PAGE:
5. I guess we all worry about the structure of our books. Is it balanced? Does it sag in the middle or fizzle lamely at the end? Will it grip a reader? Well, an established literary consultant, Helen Bryant, maintains that a novel’s structure should sit within a classic three act graph: Act 1 centres on the inciting incident and core problem; Act 2 should include at least three rising tension peaks; Act 3 brings the main plot lines to a climax and resolves them. So, with some trepidation I plotted my latest novel, Inside of Me, on a similar graph, and what d’you know, it complies with this framework! Tick!

Take-home message: Keep reading the literary journals!

6. More than 50% of both primary school children and over-65s read every day! Wahey. Time to tap into that market in a more deliberate way. Let’s start with the U3A

Take-home message: Target the right audiences.

7. In June this year The Reading Agency published a review on The Impact of Reading for Pleasure and Empowerment. Its key findings included the following: reading is closely linked to understanding of our own identity; it can impact on our relationships with others; it increases empathy; helps with relaxation; helps develop knowledge; helps mental health. Yes!

Take-home message: Never undervalue the wide ranging benefits of reading.

Sanguine again

There we go; spirits lifted immeasurably. Onwards and upwards.

 

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Literary pearls

This week’s dramatic announcement that Harper Lee’s second novel is about to be published more than 50 years after her runaway success,To Kill a Mockingbird To Kill a Mockingbird, has given me renewed hope. It really really doesn’t matter that my own timetable has been derailed by illness. I should simply relax and enjoy this ‘sabbatical’ (four months so far and counting).

One notable bonus is that it has given me space to read a more than usually wide range of books – when the physical body is reduced to sleeping/resting for a considerable portion of the day, it helps psychologically to let the mind soar free. And I’ve been struck by the sheer magnificence of other writers’ writing. I mean, who wouldn’t stand in awe of Harper Lee’s delicious child’s-eye view of the eccentric and prejudiced Deep South of the 60s? And listen to her description of the heat in the tired old town of Maycomb:

‘… bony mules hitched to Hoover carts flicked flies in the sweltering shade of the live oaks on the square. Men’s stiff collars wilted by nine in the morning. Ladies bathed before noon, after their three o’clock naps, and by nightfall were like soft tea-cakes with frostings of sweat and sweet talcum.’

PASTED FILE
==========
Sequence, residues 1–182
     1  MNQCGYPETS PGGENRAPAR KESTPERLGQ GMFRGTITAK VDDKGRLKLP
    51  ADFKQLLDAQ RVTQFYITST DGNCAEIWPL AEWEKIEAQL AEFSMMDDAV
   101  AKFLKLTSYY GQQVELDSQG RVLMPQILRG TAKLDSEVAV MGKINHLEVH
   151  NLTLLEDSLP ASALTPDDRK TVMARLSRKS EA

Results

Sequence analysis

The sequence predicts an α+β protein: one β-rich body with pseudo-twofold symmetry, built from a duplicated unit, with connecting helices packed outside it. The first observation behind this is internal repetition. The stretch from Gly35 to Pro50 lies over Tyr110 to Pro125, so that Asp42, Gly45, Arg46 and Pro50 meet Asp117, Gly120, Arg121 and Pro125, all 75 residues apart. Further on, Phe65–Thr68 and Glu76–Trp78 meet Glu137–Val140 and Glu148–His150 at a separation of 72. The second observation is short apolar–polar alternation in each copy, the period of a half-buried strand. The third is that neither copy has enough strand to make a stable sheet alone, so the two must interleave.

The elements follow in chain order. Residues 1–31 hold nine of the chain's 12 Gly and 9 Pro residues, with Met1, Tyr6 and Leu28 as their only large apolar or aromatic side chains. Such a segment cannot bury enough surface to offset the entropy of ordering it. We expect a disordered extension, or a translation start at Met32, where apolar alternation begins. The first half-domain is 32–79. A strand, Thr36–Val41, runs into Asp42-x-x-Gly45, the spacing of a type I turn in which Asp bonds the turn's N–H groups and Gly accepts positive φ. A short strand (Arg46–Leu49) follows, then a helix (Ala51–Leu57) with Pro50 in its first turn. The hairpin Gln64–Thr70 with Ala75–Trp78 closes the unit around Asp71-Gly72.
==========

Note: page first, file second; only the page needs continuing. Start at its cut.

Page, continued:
Or the narrator’s formidable aunt:

‘To all parties present and participating in the life of the country, Aunt Alexandra was one of the last of her kind: she had river-boat, boarding-school manners; let any moral come along and she would uphold it; she was born in the objective case; she was an incurable gossip. When Aunt Alexandra went to school, self-doubt could not be found in any textbook, so she knew not its meaning. She was never bored, and given the slightest chance she would exercise her royal prerogative: she would arrange, advise, caution, and warn. She would never let a chance escape her to point out the shortcomings of other tribal groups to the greater glory of her own …’

So this week I thought I’d share some other pearls discovered in my mental travels. In no particular order …

A pithy but graphic summary of an illness:

‘Thinness remains the god of glamour, the god of control, popularity and success. Thinness trips along on her finest stilettos with her bone hips exposed through layers of fabric, waving her stick arms and calling like the Pied Piper for new children to follow. Sadly they do. But this is a false god. This is a god that draws to the grave. Thinness laughs as her new charges refuse their food, spit out, vomit in secret and spin in front of mirrors to look at backs where a bony spine chatters, still exclaiming that they are so fat.’  (Ruth Joseph in Remembering Judith)

Books on my Shelves-2A vivid metaphor:

‘Mamie’s old people’s home is something else. I wonder how much it costs a month, a luxury home like this? Mamie’s room is big and light, with lovely furniture and lovely curtains, a little adjoining living room and a bathroom with a marble bathtub, as if Mamie could care less that her tub is marble when her fingers are concrete … Besides, marble is ugly.’   (Muriel Barbery in The Elegance of the Hedgehog)